The Versatile IML includes a camera monitoring and correction device. The machine automatically adjusts labels that get out of alignment, he said.

It corrects itself by measuring the dimensions on the part and adjusting as needed, Zinnemers said.

AGS Automation

AGS Automation Greifsysteme Schwope GmbH, Bergisch Gladbach, Germany, has developed a new series of arms that affix end-of-arm-tooling (EOAT) to robots that remove parts from injection molding machines.

The lightweight, spring-loaded gripper arms are made entirely of aluminum. They are used in combination with vacuum cups or sprue grippers.

The vacuum cups screw directly into the head of the gripper arms. Sometimes, suction cups must be adjusted to different angles to provide an optimal grip, so the company offers a version with an adjustable head.

For use with sprue grippers or gripper fingers, the company offers a model with a prism clamp.

In certain applications, it is important that the gripper arm not rotate. The shaft of the gripper arm contains four grooves with ball bearings inside that prevent rotation.

“If we use, for example, an oval vacuum cup for an elongated part, the vacuum cup should not rotate,” AGS GM and CEO Marc Schwope said.

AGS offers the gripper arms in diameters of 10mm, 14mm and 20mm diameters; each size is capable of both short and long linear strokes.

Separately, AGS has developed a way of quickly changing EOAT. It now offers grippers with bases that have hole patterns that accommodate an ISO flange; ISO flanges are a standard way of mounting EOAT on six-axis articulated robot arms. The flanges include screw holes and a pinhole that serves as a rotation lock.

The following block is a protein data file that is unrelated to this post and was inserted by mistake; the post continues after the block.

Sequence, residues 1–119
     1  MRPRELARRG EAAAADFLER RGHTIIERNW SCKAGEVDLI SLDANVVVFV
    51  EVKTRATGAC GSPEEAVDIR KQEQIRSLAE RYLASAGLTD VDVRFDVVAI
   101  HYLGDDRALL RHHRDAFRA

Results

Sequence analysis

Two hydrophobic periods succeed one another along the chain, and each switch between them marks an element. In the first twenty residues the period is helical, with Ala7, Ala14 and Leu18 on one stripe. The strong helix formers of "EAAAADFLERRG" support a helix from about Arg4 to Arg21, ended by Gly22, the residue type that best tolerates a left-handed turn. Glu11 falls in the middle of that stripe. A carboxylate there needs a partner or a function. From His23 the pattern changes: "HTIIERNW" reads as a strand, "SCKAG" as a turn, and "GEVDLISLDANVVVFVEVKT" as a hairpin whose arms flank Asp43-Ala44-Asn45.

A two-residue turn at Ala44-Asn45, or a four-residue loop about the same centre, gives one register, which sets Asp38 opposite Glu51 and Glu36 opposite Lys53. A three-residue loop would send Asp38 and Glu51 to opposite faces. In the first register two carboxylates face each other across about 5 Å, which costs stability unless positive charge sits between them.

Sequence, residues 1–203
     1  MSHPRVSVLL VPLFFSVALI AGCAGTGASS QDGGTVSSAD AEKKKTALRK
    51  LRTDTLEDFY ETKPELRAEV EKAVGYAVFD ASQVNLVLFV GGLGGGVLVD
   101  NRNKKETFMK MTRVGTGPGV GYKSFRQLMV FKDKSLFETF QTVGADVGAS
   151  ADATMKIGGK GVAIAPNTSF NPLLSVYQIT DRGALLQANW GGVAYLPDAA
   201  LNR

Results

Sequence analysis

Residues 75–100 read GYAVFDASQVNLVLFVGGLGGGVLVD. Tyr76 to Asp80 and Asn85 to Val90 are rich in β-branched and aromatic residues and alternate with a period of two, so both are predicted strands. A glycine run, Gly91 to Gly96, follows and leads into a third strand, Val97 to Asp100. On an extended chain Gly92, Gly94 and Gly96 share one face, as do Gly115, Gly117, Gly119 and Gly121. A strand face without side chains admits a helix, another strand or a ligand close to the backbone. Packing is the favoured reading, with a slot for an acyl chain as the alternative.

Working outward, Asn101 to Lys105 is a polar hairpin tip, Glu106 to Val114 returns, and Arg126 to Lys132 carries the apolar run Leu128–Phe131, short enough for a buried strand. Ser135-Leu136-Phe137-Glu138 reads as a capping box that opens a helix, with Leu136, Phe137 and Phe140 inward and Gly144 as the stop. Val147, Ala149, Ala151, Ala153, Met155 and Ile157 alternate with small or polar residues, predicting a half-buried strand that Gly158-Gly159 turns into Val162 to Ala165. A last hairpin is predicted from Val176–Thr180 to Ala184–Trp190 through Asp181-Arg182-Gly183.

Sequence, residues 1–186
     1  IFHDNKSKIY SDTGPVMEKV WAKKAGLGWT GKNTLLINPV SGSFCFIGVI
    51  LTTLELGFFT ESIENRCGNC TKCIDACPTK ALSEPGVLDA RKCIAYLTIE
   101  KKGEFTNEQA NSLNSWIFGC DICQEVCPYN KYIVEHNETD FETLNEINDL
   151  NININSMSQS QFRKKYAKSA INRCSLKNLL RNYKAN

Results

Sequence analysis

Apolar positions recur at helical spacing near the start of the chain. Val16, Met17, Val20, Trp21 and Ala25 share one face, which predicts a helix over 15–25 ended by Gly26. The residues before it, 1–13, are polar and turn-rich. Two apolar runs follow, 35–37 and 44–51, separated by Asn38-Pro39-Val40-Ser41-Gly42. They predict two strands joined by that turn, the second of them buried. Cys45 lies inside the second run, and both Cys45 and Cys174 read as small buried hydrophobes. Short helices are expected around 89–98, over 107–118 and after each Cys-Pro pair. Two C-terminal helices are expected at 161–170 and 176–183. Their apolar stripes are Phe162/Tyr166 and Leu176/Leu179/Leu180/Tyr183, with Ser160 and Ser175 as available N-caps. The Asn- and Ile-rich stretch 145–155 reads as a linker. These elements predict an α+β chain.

AGS grippers now can be mounted directly onto the robot, whereas in the past, grippers needed an adapter that fit the robot flange, Schwope said. Schunk distributes AGS products in the U.S.


Brink Group, The Netherlands, 31-318-452500,

Schunk Intec Inc., Morrisville, N.C., 919-572-2705,

Sepro America LLC, Warrendale, Pa., 412-459-0450,

Wittmann Battenfeld Inc., Torrington, Conn., 860-496-9603,

About the Author

Bruce Geiselman | Senior Staff Reporter

Senior Staff Reporter Bruce Geiselman covers extrusion, blow molding, additive manufacturing, automation and end markets including automotive and packaging. He also writes features, including In Other Words and Problem Solved, for Plastics Machinery & Manufacturing, Plastics Recycling and The Journal of Blow Molding. He has extensive experience in daily and magazine journalism.

About the Author

Ron Shinn | Editor

Editor Ron Shinn is a co-founder of Plastics Machinery & Manufacturing and has been covering the plastics industry for more than 35 years. He leads the editorial team, directs coverage and sets the editorial calendar. He also writes features, including the Talking Points column and On the Factory Floor, and covers recycling and sustainability for PMM and Plastics Recycling.